- Ducted push-pull systems are the most traditional. They rely on a system of ducts up near the ceiling, located at roughly 50 ft intervals. In each area, smoke rising from the welding stations is pulled into ductwork on one side and clean air is pushed in from ducts on the other side. This creates air currents in the building that continually pull contaminated air away from personnel and into the system. Dust collectors use powerful filtration to clean particulates out of the air before returning it to the facility. Ducted systems keep the air quality equipment off of the floor and out of the way; dust collectors can be placed overhead or outside of the building. These systems may be ideal for large facilities that need ambient air capture throughout.
- Ductless systems rely on standalone dust collectors that sit on the factory floor. Each dust collector creates its own circular local airflow pattern, pulling dirty air in and pushing clean air out. For example, Vortex has nozzles that can be adjusted directionally to maximize efficiency. It creates a plant-wide environmental vortex that turns the air at a consistent rate. Ductless systems can be positioned where they are needed around the factory floor. They are easier to install, eliminate expensive ductwork, and have a higher airflow per unit. And in addition, the system can be expanded or moved to a different location very easily.
- A new option will soon be available: a ductless ceiling mounted system that combines the advantages of a ductless system with the floor space savings of a traditional push-pull system. It eliminates the ductwork, so it’s easier to install. Units are placed near the ceiling, where they collect weld fumes before they have a chance to fall back out of the air.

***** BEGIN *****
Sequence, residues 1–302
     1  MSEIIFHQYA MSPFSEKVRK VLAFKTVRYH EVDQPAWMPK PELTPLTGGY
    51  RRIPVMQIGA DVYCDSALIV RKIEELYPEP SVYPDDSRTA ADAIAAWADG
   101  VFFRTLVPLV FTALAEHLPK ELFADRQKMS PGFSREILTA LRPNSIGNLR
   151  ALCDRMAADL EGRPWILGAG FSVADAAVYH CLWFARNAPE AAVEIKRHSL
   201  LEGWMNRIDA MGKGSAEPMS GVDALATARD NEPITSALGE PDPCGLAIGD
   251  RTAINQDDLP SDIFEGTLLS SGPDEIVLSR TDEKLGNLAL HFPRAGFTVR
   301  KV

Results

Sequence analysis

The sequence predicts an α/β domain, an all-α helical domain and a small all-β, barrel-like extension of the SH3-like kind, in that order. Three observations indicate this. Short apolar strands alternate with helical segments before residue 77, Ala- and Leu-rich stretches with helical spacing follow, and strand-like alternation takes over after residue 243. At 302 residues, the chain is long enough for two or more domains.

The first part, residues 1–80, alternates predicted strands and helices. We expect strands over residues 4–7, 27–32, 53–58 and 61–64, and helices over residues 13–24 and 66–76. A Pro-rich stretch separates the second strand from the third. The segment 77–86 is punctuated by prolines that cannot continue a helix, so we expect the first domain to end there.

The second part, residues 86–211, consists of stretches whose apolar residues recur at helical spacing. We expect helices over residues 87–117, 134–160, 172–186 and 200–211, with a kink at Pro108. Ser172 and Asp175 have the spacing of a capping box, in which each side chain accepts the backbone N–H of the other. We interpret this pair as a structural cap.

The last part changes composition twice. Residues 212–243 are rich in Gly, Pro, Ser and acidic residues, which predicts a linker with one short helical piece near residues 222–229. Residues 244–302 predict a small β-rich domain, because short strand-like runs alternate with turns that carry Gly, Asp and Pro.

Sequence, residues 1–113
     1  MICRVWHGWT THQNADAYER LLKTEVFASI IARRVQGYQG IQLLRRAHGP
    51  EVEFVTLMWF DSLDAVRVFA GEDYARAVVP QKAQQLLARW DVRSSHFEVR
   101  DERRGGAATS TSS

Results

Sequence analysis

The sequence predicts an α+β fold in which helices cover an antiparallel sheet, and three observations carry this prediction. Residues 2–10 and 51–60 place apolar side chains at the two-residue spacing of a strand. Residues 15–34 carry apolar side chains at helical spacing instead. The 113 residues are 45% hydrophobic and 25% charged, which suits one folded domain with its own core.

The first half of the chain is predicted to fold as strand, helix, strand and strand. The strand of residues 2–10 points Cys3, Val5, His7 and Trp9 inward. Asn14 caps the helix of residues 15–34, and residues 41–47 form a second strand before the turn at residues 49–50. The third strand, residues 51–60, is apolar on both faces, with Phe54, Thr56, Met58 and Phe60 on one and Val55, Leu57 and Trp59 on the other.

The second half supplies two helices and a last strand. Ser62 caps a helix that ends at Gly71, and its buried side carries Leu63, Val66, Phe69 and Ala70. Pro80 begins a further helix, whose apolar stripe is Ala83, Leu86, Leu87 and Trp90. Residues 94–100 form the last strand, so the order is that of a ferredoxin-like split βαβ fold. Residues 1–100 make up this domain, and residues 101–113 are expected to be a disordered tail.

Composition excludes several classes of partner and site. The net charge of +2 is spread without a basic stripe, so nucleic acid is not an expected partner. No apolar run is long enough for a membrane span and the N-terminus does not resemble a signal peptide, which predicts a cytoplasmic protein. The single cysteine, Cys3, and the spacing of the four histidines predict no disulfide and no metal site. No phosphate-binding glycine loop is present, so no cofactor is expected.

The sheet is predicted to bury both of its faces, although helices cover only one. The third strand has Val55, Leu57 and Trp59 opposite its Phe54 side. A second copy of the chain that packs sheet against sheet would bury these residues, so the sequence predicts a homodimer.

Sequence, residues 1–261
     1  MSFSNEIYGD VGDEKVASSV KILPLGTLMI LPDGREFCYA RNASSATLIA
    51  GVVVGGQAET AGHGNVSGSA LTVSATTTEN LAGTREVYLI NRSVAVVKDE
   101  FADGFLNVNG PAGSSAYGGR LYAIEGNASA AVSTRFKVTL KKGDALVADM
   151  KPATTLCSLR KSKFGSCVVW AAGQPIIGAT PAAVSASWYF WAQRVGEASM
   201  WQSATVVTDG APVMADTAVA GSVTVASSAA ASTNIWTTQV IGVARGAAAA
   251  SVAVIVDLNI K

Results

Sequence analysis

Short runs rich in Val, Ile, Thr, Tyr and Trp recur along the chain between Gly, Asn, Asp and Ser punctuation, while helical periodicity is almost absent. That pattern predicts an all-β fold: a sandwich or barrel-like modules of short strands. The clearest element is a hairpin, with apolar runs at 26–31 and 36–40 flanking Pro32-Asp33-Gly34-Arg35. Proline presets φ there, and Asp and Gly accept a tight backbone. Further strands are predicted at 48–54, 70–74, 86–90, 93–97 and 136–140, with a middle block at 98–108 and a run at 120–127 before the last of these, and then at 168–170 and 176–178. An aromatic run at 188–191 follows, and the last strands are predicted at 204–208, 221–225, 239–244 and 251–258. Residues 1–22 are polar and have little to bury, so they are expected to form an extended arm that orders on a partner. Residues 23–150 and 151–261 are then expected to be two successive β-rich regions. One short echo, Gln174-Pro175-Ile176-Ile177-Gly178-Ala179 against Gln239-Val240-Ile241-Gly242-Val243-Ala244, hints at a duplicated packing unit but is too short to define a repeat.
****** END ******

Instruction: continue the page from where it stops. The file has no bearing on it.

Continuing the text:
PLANNING THE BEST SYSTEM FOR YOUR FACILITY
How do you know which option is best for you? First, you have to analyze your facility. Up front planning and analysis can save both time and money. The goal is to find the solution that provides you with the air quality you want with the most efficiency and least cost. That requires understanding the existing air quality problems and airflow patterns within the facility. Before installing an ambient system, you will first want to make sure that you are maximizing the efficiency of your existing source capture solutions. Are they being used appropriately? Do you need to make changes to your processes or modify your equipment settings to increase the volume of fumes captured? But if you are still experiencing air quality issues, it may be time to consider an ambient system to help.
A ventilation systems engineer can analyze your existing state and design the best system for your unique facility and applications. Analysis needs to consider:
- Current air quality at different points in the facility and the exposure levels for workers in each area
- The composition and volume of weld fumes generated and type of welding being done (e.g. manual vs. robotic)
- The size and type of equipment being welded and the efficacy of current source capture methods
- The facility layout and specifications (e.g. number and location of welding stations, existing ventilation and HVAC equipment, locations of doors and windows, etc.)
- The current air flow patterns in the facility
Computer modeling can help with this analysis. Engineers use computer models to analyze the current airflow patterns and design solutions that work with the airflow, not against it. Modeling can help to identify problems areas and predict the impact of potential remedies before going to the expense of putting them in place. Done right, it will help avoid over- or under-engineering of the solution, so you can be sure that you are getting the results you need without overspending on unnecessary equipment. Clean air is a valuable asset your employees will appreciate. Combining ambient and source capture systems may be the right solution to get you there.